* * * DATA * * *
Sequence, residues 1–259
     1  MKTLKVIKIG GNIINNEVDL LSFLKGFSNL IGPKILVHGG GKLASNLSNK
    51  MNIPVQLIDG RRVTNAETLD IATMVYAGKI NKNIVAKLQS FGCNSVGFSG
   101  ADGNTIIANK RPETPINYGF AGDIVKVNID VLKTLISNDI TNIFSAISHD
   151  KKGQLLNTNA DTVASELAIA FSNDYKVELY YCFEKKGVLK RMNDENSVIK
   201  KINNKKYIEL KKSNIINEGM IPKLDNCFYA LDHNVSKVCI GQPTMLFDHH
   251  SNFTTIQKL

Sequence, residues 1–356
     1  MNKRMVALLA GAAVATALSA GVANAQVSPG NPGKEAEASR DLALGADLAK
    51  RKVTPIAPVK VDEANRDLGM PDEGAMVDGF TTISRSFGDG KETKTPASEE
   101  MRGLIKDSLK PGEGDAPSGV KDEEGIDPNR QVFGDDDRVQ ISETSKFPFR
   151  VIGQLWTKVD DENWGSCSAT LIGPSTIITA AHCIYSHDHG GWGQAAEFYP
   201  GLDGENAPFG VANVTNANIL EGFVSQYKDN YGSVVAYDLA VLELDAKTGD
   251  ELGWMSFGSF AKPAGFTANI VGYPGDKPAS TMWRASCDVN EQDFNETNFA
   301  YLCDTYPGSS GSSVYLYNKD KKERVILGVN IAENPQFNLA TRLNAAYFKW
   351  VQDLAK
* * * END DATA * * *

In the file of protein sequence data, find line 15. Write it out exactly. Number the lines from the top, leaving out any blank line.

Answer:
   301  YLCDTYPGSS GSSVYLYNKD KKERVILGVN IAENPQFNLA TRLNAAYFKW